I'm wonder if they were talking about the British "biscuits" that are dry and in tin cans?? Seems like those would last quite a while as long as they were stored properly (cool and dry) ... probably taste stale after several months though.
You are spot on with the canned, refrigerated stuff though!!
it is the peel and pop kind. so eventually they will pop? so do you think they are still good till that happens? i like to take them camping and roll them on a stick and cook over the fire. just curious.
thanks for the info
Well, if it's cold outside, 40's 50's, maybe not too bad for the next morning. Ice in a cooler, obviously, no problem. Or if you're using them same day, not so bad. Would I pack them out Friday night in July for Sunday morning breakfast without a cooler? No, not so much. Even if they don't pop, you don't want any part of that.
I wouldn't bother with the pop can nasty chemical laden biscuits when you can easily mix the dry ingredients and the fats together and add powdered milk(enuf for the amount of water that you will be adding later to make real milk) to the mix and then put it all in a big but good freezer bag.. Just add the amount of water needed to make the dough and knead it right in the bag and then cook how you wish once you get to your camp site. We did it that way in Girl Scouts and it works quite will as long as the girls don't add too much liquid.. lol we did have biscuit "pancakes" one morning for breakfast.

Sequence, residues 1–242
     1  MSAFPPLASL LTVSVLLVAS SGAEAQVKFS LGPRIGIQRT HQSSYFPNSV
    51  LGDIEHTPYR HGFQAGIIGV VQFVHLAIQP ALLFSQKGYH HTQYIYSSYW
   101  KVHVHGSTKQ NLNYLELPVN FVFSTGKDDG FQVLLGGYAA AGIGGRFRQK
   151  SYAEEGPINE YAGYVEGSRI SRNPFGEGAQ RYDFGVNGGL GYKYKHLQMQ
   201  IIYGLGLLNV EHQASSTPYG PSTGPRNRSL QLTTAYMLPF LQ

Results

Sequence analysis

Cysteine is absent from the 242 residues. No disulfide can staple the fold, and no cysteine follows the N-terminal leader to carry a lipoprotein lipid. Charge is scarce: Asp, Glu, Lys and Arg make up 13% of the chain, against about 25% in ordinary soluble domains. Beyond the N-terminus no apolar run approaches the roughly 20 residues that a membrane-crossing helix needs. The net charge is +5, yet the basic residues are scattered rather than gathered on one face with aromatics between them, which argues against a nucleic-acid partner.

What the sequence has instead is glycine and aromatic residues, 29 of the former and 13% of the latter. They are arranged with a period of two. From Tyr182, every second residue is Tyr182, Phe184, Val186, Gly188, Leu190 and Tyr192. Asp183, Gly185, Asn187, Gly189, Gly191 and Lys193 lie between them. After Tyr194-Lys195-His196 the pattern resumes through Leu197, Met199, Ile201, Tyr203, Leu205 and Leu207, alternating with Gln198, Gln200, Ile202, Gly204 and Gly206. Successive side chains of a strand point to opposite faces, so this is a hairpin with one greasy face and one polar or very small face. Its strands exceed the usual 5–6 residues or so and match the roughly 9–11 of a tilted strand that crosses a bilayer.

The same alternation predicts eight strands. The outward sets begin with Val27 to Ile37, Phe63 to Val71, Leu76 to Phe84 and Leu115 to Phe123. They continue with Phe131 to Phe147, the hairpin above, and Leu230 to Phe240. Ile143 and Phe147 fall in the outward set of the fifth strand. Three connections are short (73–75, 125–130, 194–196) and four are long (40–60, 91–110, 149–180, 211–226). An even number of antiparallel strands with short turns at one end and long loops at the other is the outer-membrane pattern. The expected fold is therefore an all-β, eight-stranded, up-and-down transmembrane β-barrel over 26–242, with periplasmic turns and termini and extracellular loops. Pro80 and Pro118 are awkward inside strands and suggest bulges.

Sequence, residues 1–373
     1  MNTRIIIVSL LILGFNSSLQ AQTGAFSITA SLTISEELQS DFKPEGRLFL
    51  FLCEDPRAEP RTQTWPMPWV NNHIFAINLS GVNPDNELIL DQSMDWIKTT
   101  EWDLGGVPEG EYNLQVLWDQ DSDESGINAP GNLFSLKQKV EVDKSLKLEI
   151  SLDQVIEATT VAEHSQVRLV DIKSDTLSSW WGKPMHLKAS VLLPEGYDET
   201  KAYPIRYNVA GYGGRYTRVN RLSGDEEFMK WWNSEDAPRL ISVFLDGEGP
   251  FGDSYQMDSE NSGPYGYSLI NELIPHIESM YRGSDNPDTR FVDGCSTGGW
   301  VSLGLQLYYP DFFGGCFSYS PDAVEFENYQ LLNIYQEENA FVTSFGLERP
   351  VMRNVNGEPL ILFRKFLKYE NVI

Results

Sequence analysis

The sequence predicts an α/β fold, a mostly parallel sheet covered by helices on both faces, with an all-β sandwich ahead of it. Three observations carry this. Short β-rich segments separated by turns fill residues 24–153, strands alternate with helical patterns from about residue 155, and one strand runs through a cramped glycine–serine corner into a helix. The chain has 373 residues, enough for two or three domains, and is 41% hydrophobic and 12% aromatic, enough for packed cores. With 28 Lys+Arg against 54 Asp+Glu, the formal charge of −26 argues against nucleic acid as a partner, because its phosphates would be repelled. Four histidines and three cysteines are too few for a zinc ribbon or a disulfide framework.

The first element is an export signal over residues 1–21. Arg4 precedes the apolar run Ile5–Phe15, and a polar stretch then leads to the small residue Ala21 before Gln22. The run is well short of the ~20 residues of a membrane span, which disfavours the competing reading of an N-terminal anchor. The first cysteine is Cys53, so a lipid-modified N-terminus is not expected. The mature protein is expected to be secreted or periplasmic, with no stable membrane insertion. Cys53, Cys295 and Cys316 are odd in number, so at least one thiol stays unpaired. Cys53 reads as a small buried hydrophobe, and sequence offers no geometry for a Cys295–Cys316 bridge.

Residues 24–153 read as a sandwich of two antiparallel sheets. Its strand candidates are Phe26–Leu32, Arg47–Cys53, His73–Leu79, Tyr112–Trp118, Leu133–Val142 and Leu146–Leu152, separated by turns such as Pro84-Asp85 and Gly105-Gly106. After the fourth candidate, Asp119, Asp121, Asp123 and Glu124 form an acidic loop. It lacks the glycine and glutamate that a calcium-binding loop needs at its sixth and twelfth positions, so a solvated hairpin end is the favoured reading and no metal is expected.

We also made "cake" pancakes for desserts too.. Just buy adding enuf powdered egg to the the boxed cake mix to equal the recipe on box and mix right in a big bag and pour out on griddle. Very tasty after a weekend in the woods with a bunch of pre-teens and teens. Bring a bit of chocolate syrup or can of cheapo frosting and you got a great yummy treat.. (or just melt some marshmallows on a stick and fold them up in the "pancake" with some more chocolate. lol) Family favorite was the cherry chip cake mix..
Ah, yes, the old biscuit/bread in a bag. Did that quite frequently in Scouts. If you make a good heavy dough out of it, you can wrap it around a stick to cook over the fire too. I won't really get into detail the analogy the Scout master gave about how to massage the mix in the bag to show boys how to get a good heavy dough, since this is a family freindly forum, lol. But I'm sure you can guess.